October 31, 2022 |

Approaching OCIOs and Multi-Asset Businesses with Floyd Simpson of PFM Asset Management


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About The Episode

Floyd Simpson shares how he evaluates asset managers, approaches due diligence meetings, and considers asset allocation decisions.  He discusses his experience in working in Emerging Manager Research, Multi-Asset Strategy Solutions, and an Outsourced CIO business model with PFM Asset Management. In his current role he works with institutional clients to develop and implement Multi-Asset strategies for their portfolios and is a voting member of the Outsourced Chief Investment Officer Investment Committee which has oversight of $16.7 billion Assets Under Management as of June 30, 2022.



Read Full Transcript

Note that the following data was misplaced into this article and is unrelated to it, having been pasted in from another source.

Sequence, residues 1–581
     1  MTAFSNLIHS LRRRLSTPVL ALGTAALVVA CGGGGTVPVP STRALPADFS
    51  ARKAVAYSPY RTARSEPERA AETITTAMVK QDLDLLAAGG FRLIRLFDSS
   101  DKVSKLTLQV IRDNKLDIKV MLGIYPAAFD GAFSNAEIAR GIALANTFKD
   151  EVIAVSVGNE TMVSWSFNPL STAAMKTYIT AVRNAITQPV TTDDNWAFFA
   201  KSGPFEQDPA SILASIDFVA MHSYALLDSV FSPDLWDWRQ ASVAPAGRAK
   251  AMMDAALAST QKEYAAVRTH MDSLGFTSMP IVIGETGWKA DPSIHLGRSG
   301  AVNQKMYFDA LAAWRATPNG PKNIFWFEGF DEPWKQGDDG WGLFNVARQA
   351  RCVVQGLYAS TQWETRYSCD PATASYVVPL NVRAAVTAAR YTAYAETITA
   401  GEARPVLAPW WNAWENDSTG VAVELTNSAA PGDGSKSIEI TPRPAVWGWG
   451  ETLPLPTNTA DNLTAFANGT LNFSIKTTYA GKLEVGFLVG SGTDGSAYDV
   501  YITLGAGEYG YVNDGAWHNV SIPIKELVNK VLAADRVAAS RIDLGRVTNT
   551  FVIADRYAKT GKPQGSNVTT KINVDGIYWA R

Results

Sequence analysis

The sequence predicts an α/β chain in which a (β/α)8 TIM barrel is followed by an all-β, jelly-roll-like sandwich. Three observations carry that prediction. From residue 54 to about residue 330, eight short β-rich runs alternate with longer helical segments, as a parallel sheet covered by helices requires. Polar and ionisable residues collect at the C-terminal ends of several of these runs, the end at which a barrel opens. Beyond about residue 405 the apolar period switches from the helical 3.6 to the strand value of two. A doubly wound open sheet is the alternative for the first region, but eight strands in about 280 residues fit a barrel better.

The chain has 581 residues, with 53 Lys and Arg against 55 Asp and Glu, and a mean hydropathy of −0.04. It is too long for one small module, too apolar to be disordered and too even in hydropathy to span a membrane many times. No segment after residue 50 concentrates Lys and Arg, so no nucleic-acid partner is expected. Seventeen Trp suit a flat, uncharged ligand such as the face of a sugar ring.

Robert Morier: Welcome to the Dakota Live! Podcast. I am your host Robert Morier, and we are thrilled to bring you this inaugural episode. If you're not familiar with Dakota and their Dakota Live content, please check out dakota.com to learn more about their services. Dakota is a multi-solution provider for your fundraising needs. Over the years, Dakota has brought investment salespeople industry and marketing expertise to make their jobs easier. Dakota offers comprehensive contact management information for your fundraising efforts, video and marketing, production assistance, investment, sales training and more to help scale your business. Dakota connects investment salespeople with leading investment decision makers with their Dakota Live videos, ensuring you always know who to call and how to approach the markets you are targeting. The goal of this podcast is to help you better know the people behind the decisions. You will be introduced to chief investment officers, manager research professionals, senior sales leaders and other important players in the industry who will help you sell in between the lines to help humanize your sales approach. Before we get started, I need to read a brief disclosure. This content is provided for informational purposes and should not be relied upon as recommendations or advice about investing in securities. All investments involve risk and may lose money. Dakota does not guarantee the accuracy of any of the information provided by the speaker who is not affiliated with Dakota, not a solicitation, testimonial or an endorsement by Dakota or its affiliates. Nothing herein is intended to indicate approval, support, or recommendation of the investment advisor or its supervised persons by Dakota. Today's episode is brought to you by Dakota Searches. Are you tired of endlessly scrolling through investment publications trying to stay on top of the latest investment mandate opportunities? Look no further than Dakota Searches. With Dakota Searches, you'll never miss a new mandate again. Our powerful platform sends you email alerts as soon as new searches are posted, so you can be one of the first to know. Subscribe today for a 30-day free trial and experience the convenience and efficiency of Dakota Searches. And for even more benefits, become a Dakota Marketplace member for full access to Dakota Searches, our institutional investor database Dakota Marketplace and more. Sign up for Dakota Searches and stay ahead of the game. Visit our website at dakota.com/searches to learn more and start your free trial today. Before we begin, I want to quickly introduce myself. After more than two decades of focusing exclusively on business development and investor relations with institutional and retail investors globally, I came home to Philadelphia to co-found a media company focusing on podcast production. I can also be found at Drexel University as a professor in the close school of entrepreneurship and a social entrepreneur in residence, mentoring and teaching the next generation of founders. Over more than 20 years, I've headed institutional sales team for three growing asset managers. I've launched a London based subsidiary for a publicly traded company, managed over 600 institutional clients and consultants while raising billions of dollars in assets under management across traditional and alternative strategies. I've also served as an advisory board member for the University of Vermont Grossman School of Business, and I still assist asset managers with fundraising strategy, and I'm excited to be hosting the Dakota Live! Podcast. So, thank you for being here. And Floyd and Andrew, thank you for being here with me.